Posted by: fvbcdm | April 2, 2015

Holy Thursday (2 April 2015)

Today is Holy Thursday, the birthday of two of Our Divine Lord’s greatest gifts to us: Himself in the most blessed sacrament of the Eucharist, and then the sacrament of Holy Orders, by which the Eucharist will be perpetuated among his people until the end of time.

Earlier on during his public life, Jesus promised a large crowd of people whom he had just fed by a miraculous multiplication of bread and fish that he would one day give them his flesh to eat and his blood to drink. The idea of that was so repulsive to them that some of them “walked with him no more,” as the gospel tells us. When he saw their disbelief and their departure, did he call them back to explain what he meant? No, he did not.  He wanted their faith and trust in him. If they did not believe and trust to that degree, then he let them go. But then, at that Passover meal on the night before he died, he fulfilled the promise he had made. He took bread, blessed it, broke it, and gave it to his apostles and said, “Take this and eat of it. This is my body.” And after the meal, he took a cup of wine, blessed it, and said again to the apostles, “Take this and drink of it. This is the cup of my blood.” And then he added, “Do this in commemoration of me.”

We can’t have the Holy Eucharist, that is, Jesus in the Blessed Sacrament, without the sacrament of Holy Orders, because only bishops and priests have received the spiritual power to consecrate bread and wine into the Body and Blood of Christ. Down through the ages, many non-believers in the true Eucharist have come up with their own ideas as to what it is. Many of our separated Christian brothers say it is only a symbol of Christ. Others say Jesus is present in the Eucharist only at the moment of communion, but does not remain in the consecrated bread and wine. Others make it totally subjective and say that it is Christ’s body if the receiver believes that it is Christ’s body—it’s all a matter of personal opinion.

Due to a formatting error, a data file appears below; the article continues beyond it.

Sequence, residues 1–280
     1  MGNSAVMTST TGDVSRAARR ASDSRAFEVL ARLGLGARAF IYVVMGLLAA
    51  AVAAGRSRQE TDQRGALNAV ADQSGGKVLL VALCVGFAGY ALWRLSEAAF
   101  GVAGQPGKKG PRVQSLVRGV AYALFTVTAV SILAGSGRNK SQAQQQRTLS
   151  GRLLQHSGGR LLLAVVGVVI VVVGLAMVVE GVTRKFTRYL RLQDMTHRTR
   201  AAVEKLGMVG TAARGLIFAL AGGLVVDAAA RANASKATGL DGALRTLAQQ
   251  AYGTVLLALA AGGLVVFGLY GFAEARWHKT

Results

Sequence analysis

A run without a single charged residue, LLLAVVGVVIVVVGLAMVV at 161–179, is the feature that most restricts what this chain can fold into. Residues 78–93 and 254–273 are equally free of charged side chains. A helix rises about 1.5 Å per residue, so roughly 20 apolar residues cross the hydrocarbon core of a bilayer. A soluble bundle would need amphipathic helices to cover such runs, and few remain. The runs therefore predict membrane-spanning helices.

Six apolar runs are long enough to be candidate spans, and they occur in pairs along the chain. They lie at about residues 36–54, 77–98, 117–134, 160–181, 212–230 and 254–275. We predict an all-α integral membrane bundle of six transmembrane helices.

The apostles who were there at the Last Supper and made their First Communion that night, as well as being ordained bishops and priests by Our Lord, gave to the Church the authentic doctrine of the Eucharist which has come down within the Catholic community for these two thousand years, and will continue to be believed, produced, and received by the faithful until the end of time.

Jesus gave to his Church the sacrament of the Eucharist to be the very heart and center of our love of him, our Christian life, our spiritual union with him. We are essentially a eucharistic people. Take away the Eucharist, and you destroy the Church. And take away the bishops and priests, and you have no Eucharist.

So, on this Holy Thursday, let us be very grateful to Our Blessed Lord for these two tremendous gifts: Himself in the Eucharist, and the priesthood by which the Eucharist is daily made present for us. All over the world, our priests are exercising their Eucharistic ministry: celebrating Mass and giving Holy Communion to those who wish to receive it. All over the world, there are Catholic churches, chapels, monasteries, and convents in which the Blessed Sacrament is reserved for the adoration of the people of God. All over the world, those who love Jesus in the Eucharist are receiving him with devotion and love so as to nourish their spiritual lives and help them to live as Jesus wills. Be especially grateful today for your faith in the Eucharist and its availability to you. And help me to be grateful today for the priesthood to which I have been called. [Soon] I will celebrate the [52nd] anniversary of my ordination to the priesthood, and I am deeply grateful to Our Lord for having shared his priesthood with me and placed into my hands the Eucharist for my own spiritual nourishment and that of all those to whom I have ministered during these years. Thank you for seeking God’s truth, God Bless you.  Father Victor Brown, O.P.

Note: This message was composed some years ago.


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